Northeastern Section - 42nd Annual Meeting (12–14 March 2007)

Paper No. 6
Presentation Time: 8:15 AM-12:00 PM


HOBBIE, Erik A., Department of Natural Resources, Complex Systems Research Center, Morse Hall, University of New Hampshire, Durham, NH 03824 and OUIMETTE, Andrew P., Complex Systems Research Center, Morse Hall, University of New Hampshire, Durham, NH 03824,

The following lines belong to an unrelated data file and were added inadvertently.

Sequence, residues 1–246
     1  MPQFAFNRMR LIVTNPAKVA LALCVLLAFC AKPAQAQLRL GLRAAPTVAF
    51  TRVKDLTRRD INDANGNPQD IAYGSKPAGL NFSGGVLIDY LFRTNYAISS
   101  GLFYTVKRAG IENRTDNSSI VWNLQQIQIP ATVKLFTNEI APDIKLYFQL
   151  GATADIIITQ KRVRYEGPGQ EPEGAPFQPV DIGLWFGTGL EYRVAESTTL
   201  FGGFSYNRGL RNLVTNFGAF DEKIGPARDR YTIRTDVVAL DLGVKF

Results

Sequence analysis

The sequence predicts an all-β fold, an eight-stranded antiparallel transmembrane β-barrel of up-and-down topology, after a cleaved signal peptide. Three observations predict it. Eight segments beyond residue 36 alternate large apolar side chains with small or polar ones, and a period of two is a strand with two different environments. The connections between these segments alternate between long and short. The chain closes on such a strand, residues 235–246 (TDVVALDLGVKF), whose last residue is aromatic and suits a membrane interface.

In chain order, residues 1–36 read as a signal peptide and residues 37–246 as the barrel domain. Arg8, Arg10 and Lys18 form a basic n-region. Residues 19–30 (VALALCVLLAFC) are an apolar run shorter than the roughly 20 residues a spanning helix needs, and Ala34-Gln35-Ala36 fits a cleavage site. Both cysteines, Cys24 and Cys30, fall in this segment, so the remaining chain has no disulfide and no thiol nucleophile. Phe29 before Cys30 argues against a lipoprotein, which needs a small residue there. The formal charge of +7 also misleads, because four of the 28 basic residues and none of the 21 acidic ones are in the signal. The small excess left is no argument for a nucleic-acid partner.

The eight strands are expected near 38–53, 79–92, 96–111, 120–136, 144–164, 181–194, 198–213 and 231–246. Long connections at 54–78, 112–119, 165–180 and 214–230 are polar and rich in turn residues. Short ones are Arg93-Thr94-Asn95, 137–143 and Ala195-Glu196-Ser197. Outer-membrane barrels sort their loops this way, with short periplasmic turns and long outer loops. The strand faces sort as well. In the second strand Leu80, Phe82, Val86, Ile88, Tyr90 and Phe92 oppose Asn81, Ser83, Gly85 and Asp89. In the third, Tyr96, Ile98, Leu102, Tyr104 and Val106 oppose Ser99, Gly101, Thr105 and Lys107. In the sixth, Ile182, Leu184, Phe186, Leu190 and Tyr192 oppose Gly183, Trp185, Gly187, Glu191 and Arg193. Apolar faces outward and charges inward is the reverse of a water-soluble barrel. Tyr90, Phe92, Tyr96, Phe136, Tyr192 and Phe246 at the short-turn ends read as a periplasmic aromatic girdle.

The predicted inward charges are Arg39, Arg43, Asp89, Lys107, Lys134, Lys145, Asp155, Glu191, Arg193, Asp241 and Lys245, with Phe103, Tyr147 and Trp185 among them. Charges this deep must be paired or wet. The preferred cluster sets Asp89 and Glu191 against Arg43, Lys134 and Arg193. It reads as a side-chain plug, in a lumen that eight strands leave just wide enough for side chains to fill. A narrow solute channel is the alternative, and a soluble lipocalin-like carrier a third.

To determine the dominant processes controlling nitrogen (N) dynamics in soils and increase insights into soil N cycling from nitrogen isotopes, we compiled nitrogen isotope patterns of soils from studies on tropical, temperate, and boreal systems. Because many reactions fractionate against 15N, dominant processes can be tracked by measuring patterns of 15N enrichment between surface litter and deeper soil horizons. We compared the 15N enrichment with depth to 1) mean annual temperature (MAT) and precipitation (MAP), 2) nitrification rates, and 3) mycorrhizal type of vegetation. The maximum 15N enrichment between litter and deeper soil layers was uncorrelated with MAT, MAP, or nitrification rates but varied strongly with mycorrhizal fungal association. Sites with ectomycorrhizal (ECM) vegetation increased by 10‰ in 15N with depth, whereas sites with arbuscular mycorrhizal (AM) vegetation increased by 4‰ in 15N with depth. An intrinsic fractionation factor of 8-10‰ between ECM fungi and plant hosts may also apply to AM plants. Thus, fractionation against 15N during transfer of N by ECM and AM probably accounted for much of the 15N enrichment in soil profiles, with 15N-depleted plant litter at the surface and 15N-enriched fungal material at depth. A second important factor appears to be the preferential preservation of 15N-enriched compounds during decomposition and stabilization processes. If 15N enrichment by the second process is relatively constant in deep soil horizons, then the relative contribution of plant-derived versus mycorrhizal-derived N to deep soil horizons can be estimated from 15N patterns according to the equation ä15Nsoil - ä15Nlitter = ff · Äf + åd, with ff the fraction of soil N derived from mycorrhizal fungal litter, Äf the fractionation during transfer of N from mycorrhizal fungi to host plants, and åd the cumulative enrichment in 15N of stable soil organic N due to decomposition and loss processes.